That was my original ambition and when I wrote the piece and wanted to publish it as an article. I discovered there is no publication useful for it, so I started to extend it. Originally the idea was to make it a short booklet, and then it became a book.

But the discounting discussion is a crucial part of it. This is something the climatologists do not discuss.

TNA: What would implementing some of the drastic or even moderate so-called proposals of the global-warming alarmists mean for the people of the Czech Republic?

Klaus: Well, I don’t want to distinguish the Czech Republic from other countries. The Kyoto Protocol will have a minuscule impact upon the climate. It’s almost difficult to find statistical significance of the Kyoto Protocol. Nevertheless, the costs are very, very heavy, and I don’t think it’s very smart to do that.

On the other hand, for me, “economy” is about economizing, it’s about saving, it’s about rational behavior, so I don’t mind some saving of energy — that’s the last thing I would criticize.

Nevertheless, to a priori introduce the targets for limiting the use of energy without knowing how to increase [the efficiency of that same energy] is for me a joke for the next several generations in the world — I don’t want to speak for the most developed countries within the world. For the undeveloped, economic development will still be based on fossil fuels. And to stop it is definitely impossible.

TNA: But as an economist you could see very definitely a negative impact in many ways on human society?

Klaus: That is quite clear. As an economist … I know that when there is economic growth — the growth of income — that the people pay more attention to all kinds of environmental issues, including the climate.

So, I am absolutely sure that just as spontaneous [activity and cooperation] will solve the problems, it’s not necessary to mastermind society from above as the global-warming alarmists basically try to do.

TNA: Do you see encouraging developments in Europe with regard to rolling back the onslaught of the alarmists’ trend of the last few years?

Klaus: I am afraid that it will be difficult. Nevertheless, this is the task for all of us to do it in the future. However, I am afraid global-warming alarmism will continue marching on, and we will get on the slippery road to serfdom, to use the phrase from [economist Friedrich] Hayek’s terminology. This is what we once experienced in our country, and I don’t want to experience it again.

TNA: We appreciate your coming here to share with us here at this conference. Any last comment?

Klaus: I must say I was just asked by the Czech press agency what was the net contribution I got here. I said, “Well, even with all my strong views, I must say I was slightly reinforced in my views by seeing so many very competent scientists — their speeches, their presentations.” It was slightly better than I expected.

 

It’s About Freedom

The following is excerpted from an address by President Vaclav Klaus to the International Climate Conference in New York City on March 2-4, sponsored by the Heartland Institute.

First, I would like to thank the organizers for this important conference, for making it possible and for inviting one politically incorrect politician from Central Europe to come and speak here.

A politician, as was just mentioned, who in spite of his views on climate, was two weeks ago reelected as president of his country. And the point is that everyone in the Czech Republic knows my views on climate change. I am, I think, a living demonstration of the fact that politicians can be elected with such views on climate change....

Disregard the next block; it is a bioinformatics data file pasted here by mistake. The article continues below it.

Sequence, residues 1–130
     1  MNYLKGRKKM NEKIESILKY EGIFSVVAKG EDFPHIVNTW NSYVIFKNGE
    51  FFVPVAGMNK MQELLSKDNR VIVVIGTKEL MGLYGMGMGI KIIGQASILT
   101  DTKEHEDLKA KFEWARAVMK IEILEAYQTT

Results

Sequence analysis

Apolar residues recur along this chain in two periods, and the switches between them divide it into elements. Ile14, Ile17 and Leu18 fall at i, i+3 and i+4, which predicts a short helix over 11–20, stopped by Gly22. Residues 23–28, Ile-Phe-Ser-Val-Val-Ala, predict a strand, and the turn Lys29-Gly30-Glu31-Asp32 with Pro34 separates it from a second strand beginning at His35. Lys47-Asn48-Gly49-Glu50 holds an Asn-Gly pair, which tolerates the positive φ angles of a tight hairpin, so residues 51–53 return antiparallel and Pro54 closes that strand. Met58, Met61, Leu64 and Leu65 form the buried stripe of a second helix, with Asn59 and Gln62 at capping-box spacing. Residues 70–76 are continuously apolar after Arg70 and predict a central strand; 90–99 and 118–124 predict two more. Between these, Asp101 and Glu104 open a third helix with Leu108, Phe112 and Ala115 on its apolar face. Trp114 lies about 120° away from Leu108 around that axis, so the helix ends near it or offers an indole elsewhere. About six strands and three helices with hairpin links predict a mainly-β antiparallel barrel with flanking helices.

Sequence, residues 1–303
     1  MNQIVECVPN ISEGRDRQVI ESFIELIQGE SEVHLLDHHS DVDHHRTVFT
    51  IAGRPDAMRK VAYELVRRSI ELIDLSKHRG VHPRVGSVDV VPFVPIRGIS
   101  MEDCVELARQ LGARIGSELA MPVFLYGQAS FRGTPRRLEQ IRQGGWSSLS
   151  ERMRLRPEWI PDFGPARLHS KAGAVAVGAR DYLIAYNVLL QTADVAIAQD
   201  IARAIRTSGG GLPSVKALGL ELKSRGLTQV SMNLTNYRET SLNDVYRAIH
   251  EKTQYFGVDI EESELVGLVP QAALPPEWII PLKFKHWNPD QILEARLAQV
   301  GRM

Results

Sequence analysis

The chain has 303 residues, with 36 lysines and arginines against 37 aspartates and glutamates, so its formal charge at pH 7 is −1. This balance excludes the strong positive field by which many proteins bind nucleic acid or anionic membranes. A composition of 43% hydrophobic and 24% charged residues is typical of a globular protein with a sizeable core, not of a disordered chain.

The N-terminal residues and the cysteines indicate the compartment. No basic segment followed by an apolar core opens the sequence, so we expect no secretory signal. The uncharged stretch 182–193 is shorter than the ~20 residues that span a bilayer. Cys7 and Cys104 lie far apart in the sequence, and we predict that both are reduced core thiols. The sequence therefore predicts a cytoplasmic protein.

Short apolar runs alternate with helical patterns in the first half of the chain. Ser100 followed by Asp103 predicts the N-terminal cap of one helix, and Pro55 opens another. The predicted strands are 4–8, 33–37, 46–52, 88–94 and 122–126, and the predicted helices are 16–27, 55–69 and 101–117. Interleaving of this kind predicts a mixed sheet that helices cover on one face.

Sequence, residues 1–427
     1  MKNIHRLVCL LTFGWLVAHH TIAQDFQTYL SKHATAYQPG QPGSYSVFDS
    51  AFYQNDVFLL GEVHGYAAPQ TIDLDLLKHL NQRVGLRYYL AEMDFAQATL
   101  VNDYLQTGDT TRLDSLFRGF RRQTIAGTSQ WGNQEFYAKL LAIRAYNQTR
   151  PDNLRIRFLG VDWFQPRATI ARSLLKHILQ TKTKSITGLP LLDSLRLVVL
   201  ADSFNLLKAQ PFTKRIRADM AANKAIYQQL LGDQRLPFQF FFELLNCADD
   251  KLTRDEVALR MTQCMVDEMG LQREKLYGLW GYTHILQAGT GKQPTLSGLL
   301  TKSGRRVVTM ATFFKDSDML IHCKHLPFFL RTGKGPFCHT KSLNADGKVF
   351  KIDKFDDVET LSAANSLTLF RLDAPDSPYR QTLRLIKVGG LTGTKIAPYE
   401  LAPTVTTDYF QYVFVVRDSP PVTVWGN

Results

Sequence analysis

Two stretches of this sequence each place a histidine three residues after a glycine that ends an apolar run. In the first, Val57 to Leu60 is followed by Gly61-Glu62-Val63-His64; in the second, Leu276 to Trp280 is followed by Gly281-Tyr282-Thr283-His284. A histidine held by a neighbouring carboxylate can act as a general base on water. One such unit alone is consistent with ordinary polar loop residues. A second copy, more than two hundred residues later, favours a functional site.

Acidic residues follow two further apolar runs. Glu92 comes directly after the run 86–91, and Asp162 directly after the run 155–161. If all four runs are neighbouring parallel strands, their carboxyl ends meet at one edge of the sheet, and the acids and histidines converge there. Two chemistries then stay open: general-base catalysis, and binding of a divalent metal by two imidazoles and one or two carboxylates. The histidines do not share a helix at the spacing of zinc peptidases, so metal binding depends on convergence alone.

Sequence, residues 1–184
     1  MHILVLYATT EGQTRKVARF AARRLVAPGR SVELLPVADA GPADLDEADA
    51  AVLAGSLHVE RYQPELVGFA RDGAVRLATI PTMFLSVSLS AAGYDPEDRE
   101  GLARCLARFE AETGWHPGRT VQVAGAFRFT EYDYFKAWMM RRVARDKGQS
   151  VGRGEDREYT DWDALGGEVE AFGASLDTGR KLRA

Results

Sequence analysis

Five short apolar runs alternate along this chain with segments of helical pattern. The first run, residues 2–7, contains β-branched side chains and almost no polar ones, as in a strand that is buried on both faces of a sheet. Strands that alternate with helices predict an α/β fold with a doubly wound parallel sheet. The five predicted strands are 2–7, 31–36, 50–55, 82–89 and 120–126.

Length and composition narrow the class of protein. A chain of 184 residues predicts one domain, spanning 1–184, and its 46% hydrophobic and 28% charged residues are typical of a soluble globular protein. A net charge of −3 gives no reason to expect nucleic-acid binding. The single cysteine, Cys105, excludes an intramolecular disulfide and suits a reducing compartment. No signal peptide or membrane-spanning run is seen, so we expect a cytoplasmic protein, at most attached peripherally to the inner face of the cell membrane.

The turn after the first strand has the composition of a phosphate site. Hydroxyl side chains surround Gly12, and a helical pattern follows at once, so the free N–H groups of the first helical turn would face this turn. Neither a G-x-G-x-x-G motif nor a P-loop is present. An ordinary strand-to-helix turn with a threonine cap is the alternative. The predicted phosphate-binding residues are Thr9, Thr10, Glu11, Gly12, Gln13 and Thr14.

I know it’s difficult to say anything interesting and new after so many speeches and discussions here. But when I look around, there are not many speakers from former communist countries here. As an economist, I always try and find my comparative advantages.

Each of us has his or her experiences, prejudices, preferences. The ones that I have are quite inevitably connected with the fact that I have spent most of my life under the communist regime. A week ago I gave a speech … at the Prague Castle commemorating the 60th anniversary of the 1948 communist putsch in the former Czechoslovakia. One of the arguments there quoted in all the leading newspapers in the country the next morning went as follows: “Future dangers will not come from the same source. The ideology will be different. Its essence will nevertheless be identical. The attractive, pathetic, at first sight noble idea that transcends the individual in the name of the common good on the one hand, and the enormous self-confidence on the side of its proponents about their right to sacrifice the man and his freedom in order to make this idea reality on the other.”

Yesterday morning I read the excerpts from the Czech press and I discovered that the chairman of the Czech Green Party dramatically criticized this statement of mine. I think it’s very good that he understood it.... [Laughter from audience]

My central argument was, “What is endangered, climate or freedom?” My answer is clear and resolute. It’s our freedom, I may also add, and our prosperity....

In spite of their public roles, [global warming’s exponents] maximize their own private … good, power, prestige, career, income, and so on.

I am afraid there are people who really want to stop the economic growth, the rise in the standard of living — though not their own — and the ability of man to use the expanding wealth, science, and technology for solving the actual pressing problems of mankind, especially of the developing countries.

The climate alarmists believe in their own omnipotence; they believe in knowing better than millions of rationally behaving men and women what is right or wrong....

I am afraid we have to restart the discussion about the very nature of government and about the relationship between the individual and society. Now it concerns the whole of mankind, not just the citizens of one particular country....

To sum up, it is not about climatology. It’s about freedom.

 

Photo copyright: Petr Novák, Wikipedia